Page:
At its European Technology Symposium last week TSMC revealed some of the details about its Global Gigafab Manufacturing program, the company's strategy to replicate its manufacturing processes across its multiple gigafab sites.

The need for large-scale multi-national fabs to have a process in place to replicate their facilities is well-documented at this point. As scaling-up at at the gigafab size means scaling-out instead, chip makers need to be able to quickly get new and updated manufacturing processes ported to other facilities in order to hit their necessary throughput – and to avoid a multi-quarter bottlenecks that come from having to freshly-tune a fab.

Intel, for their part, has a well-known Copy Exactly program, which is one of the company's major competitive advantages, allowing it to share process recipes across its fabs around the world to maximize yields and reduce performance variability. Meanwhile, as Taiwan Semiconductor Manufacturing Co. is building additional capacity in different parts of the world, it has reached the point where it needs a similar program in order to quickly maximize its yields and productivity at its new fabs in Japan and the U.S. And in some respects, TSMC's program goes even further than Intel's, with an additional focus on sustainability and social responsibility.

"As mentioned at last year's symposium, [Global Gigafab manufacturing] is a powerful global manufacturing and management platform," said Y.L. Wang, Vice President of Fab Operations TSMC. "We realise one fab management to ensure our Gigafab to achieve consistent operation efficiency as well as production quality on a global scale. Moreover, we also pursue sustainability across our global footprint covering green manufacturing, global talent development, supply chain localization, as well as social responsibility."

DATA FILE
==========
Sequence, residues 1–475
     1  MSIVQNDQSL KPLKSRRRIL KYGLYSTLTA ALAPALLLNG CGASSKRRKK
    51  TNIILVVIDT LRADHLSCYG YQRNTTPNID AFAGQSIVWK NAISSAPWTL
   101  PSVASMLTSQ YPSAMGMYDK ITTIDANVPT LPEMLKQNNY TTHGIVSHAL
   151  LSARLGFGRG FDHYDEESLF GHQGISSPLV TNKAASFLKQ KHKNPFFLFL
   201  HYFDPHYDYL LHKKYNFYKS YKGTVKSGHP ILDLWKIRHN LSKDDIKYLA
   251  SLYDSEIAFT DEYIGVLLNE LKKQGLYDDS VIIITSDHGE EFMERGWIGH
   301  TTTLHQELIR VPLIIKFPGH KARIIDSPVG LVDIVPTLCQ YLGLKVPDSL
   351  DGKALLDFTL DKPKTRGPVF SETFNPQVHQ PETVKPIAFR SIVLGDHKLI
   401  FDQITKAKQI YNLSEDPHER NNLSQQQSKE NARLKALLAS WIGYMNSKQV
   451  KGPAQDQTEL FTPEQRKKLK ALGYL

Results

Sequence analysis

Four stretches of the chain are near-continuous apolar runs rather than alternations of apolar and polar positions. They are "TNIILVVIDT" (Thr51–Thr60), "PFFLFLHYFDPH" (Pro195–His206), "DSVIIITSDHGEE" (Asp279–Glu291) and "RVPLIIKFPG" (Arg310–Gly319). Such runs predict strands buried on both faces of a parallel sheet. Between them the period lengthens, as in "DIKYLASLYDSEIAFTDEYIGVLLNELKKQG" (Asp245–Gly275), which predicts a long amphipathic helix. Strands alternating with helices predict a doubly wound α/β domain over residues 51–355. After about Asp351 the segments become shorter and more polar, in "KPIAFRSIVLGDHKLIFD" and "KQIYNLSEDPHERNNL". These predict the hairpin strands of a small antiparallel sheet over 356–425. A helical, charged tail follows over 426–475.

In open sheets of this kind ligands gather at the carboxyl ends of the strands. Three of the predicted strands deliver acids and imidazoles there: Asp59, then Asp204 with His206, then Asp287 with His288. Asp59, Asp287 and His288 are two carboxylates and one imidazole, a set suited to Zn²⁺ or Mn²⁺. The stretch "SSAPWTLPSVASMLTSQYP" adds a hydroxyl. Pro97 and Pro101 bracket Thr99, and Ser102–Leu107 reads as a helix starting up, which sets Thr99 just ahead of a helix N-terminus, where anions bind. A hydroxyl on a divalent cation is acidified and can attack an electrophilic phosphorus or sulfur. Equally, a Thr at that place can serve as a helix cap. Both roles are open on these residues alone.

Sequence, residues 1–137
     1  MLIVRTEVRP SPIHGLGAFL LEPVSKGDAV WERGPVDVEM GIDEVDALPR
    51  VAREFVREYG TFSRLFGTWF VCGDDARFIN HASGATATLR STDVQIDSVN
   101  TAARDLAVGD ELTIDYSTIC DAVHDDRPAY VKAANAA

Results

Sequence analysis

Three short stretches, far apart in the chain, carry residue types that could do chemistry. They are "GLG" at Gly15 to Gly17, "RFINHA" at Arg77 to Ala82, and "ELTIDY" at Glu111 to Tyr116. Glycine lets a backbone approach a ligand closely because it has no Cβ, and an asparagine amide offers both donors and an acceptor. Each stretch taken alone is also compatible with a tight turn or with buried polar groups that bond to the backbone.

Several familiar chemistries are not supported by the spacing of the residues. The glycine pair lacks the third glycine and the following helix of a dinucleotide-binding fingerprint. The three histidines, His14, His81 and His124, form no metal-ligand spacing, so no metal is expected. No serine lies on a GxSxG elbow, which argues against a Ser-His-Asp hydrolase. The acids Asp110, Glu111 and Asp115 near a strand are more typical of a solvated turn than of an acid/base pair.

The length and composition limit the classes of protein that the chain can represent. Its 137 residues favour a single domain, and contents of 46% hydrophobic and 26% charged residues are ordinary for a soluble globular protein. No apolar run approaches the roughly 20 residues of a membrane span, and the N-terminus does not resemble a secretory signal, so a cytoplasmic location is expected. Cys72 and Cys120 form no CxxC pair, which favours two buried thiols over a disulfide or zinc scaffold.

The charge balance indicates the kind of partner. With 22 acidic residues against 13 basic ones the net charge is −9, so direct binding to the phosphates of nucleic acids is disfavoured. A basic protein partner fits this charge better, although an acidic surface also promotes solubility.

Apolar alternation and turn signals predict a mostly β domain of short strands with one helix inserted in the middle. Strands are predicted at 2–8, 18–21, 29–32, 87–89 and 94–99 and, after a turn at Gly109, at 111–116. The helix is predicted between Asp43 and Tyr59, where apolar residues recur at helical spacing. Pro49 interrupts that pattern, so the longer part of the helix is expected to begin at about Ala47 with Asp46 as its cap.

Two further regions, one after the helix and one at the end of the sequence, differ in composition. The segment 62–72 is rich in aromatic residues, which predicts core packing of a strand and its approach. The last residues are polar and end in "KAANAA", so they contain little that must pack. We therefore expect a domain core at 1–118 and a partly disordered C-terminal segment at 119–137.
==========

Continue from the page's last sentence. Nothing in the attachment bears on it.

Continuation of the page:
TSMC's Global GigaFab Manufacturing
Data by TSMC (Compiled by AnandTech)
Manufacturing Excellence Sustainability
Global One Fab Manufacturing Green Manufacturing
ML-based Process Control Global Talent Development
Manufacturing Agility and Quality Supply Chain Localization
Maximum Productivity Social Responsibility

When it comes to improvements of process technology, there are two main mechanisms: the continuous process improvements (CPI) to improve yields, as well as statistical process control (SPC) reduce performance variations. To do so, the company has multiple internal techniques that rely on machine learning-based process control, constant quality measuring, and various productivity improving methods. With Global Gigafab manufacturing TSMC can use CPI and SPC to improve yields and performance on the global scale by sharing knowledge between different sites.

"When we port a technology from Taiwan to Arizona, the fab set up, the process control system, everything is actually a copy from Taiwan," said Kevin Zhang, Senior Vice President, Business Development and Overseas Operations Office, and Deputy Co-COO at TSMC.

TSMC yet has to start making chips at its fabs in Germany, Japan, and the United States, so it remains to be seen how fast the foundry will increase yields to Taiwanese levels at its Fab 23 (in Kumamoto, Japan) and Fab 21 (in Arizona) when they begin operations in 2024 and 2025, but with Global Gigafab Manufacturing program in place, this is likely set to happen rather sooner than later.

Source: TSMC European Technology Symposium 2024



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  • abr2 - Friday, May 24, 2024 - link

    TSMC lists some at Reading between the lines a bit of this focus on global production, I’d guess it might include studying the area where a new fab is located to identify needs & how charitable donations could help address them. In Taiwan, they mention education for disadvantaged youth, support for arts & cultural activities, care for seniors living alone, energy effiency improvements, etc. Some of the details would be different in other locations (e.g. Chinese calligraphy & seal carving is probably not applicable to many in Arizona). Reply

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